Writer bridges Bridge to Stories by Phillip Alder

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Perhaps my biggest regret is that I never met P.G. Wodehouse. He was a writer without equal, and a bridge player.

You can play bridge Phillip Alder
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Daily News – 26 Jun 1991

P G WodehousePerhaps my biggest regret is that I never met P.G. Wodehouse. He was a writer without equal, and a bridge player. Occasionally he would bring bridge into his delightful stories. My favorite Wodehouse character is Psmith (the “P” is silent, as in “pscallop”). In “Psmith in the City,” Psmith watches his boss, Mr. Bickersdyke, playing bridge, and Psmith totally discombobulates the man. Psmith is gaunt and garrulous, dilatory and dapper, with an easygoing attitude to the problems of life. I think his favorite bridge hand would involve deception, so he would have enjoyed being South on today’s deal.

To test yourself, cover the East-West cards and plan your play in three no-trump against a low club lead.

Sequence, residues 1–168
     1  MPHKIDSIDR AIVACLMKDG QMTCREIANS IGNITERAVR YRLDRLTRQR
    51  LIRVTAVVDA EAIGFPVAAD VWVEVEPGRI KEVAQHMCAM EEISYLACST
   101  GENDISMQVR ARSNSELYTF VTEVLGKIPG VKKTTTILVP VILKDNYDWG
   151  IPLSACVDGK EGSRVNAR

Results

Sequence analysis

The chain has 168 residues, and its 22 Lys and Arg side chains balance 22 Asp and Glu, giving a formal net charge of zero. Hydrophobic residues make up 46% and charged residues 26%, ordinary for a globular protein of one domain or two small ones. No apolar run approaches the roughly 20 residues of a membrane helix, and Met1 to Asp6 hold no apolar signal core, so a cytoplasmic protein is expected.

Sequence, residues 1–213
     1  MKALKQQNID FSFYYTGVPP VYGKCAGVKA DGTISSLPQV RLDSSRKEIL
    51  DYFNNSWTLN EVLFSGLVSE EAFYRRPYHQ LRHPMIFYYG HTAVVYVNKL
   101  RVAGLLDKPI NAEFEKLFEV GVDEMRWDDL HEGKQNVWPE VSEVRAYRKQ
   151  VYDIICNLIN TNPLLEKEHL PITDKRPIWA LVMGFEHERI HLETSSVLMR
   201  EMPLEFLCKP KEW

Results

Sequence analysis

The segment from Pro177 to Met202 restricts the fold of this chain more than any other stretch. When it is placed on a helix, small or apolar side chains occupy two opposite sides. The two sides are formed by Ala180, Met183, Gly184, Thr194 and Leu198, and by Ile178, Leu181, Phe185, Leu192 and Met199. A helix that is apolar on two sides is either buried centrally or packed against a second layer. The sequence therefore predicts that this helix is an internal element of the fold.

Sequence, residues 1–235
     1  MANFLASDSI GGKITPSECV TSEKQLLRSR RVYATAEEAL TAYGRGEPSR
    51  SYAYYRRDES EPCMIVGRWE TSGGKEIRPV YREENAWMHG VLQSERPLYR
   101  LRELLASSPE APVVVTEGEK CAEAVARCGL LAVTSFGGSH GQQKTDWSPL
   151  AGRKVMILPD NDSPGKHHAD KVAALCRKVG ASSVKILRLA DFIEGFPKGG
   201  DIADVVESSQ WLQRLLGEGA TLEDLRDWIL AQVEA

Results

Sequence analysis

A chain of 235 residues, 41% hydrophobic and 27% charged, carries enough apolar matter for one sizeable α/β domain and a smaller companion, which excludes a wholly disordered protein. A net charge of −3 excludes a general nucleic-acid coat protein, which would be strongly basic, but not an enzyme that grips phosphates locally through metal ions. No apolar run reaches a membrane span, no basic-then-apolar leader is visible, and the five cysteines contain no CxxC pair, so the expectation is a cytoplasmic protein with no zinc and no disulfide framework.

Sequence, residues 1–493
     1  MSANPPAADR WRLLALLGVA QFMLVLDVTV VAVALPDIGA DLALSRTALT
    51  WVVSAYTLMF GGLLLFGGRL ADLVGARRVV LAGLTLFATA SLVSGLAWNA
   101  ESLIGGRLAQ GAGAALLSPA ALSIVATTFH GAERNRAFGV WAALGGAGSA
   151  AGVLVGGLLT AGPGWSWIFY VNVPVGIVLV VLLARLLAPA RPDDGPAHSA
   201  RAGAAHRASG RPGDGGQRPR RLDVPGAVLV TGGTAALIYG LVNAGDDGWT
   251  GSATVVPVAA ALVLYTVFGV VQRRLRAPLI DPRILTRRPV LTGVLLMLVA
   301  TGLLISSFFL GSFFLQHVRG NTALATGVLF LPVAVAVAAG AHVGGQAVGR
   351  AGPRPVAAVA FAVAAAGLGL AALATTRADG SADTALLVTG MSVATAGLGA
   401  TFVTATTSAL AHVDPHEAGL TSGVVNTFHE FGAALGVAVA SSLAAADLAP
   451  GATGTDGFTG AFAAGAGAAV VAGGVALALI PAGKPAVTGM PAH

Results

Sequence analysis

Lead: 4

Let Psmith describe the play: “I couldn’t win nine tricks without playing on diamonds, but that involved losing the lead twice. If I won the first trick with dummy’s knave jack of clubs, surely even Comrade Bickersdyke, who happened to be West, would see the futility in continuing that suit. And if he switched to spades, I would be kneedeep in the bouillon.

“This hand required subterfuge. I called for dummy’s knave of clubs, but then played the king from my hand. When I led a diamond, Comrade Bickersdyke was sure I had A-K doubleton of clubs. He continued with a low club, allowing me to win with the nine. Comrade Bickersdyke spluttered; I smiled sweetly at him. “I led another diamond and claimed 10 tricks.”

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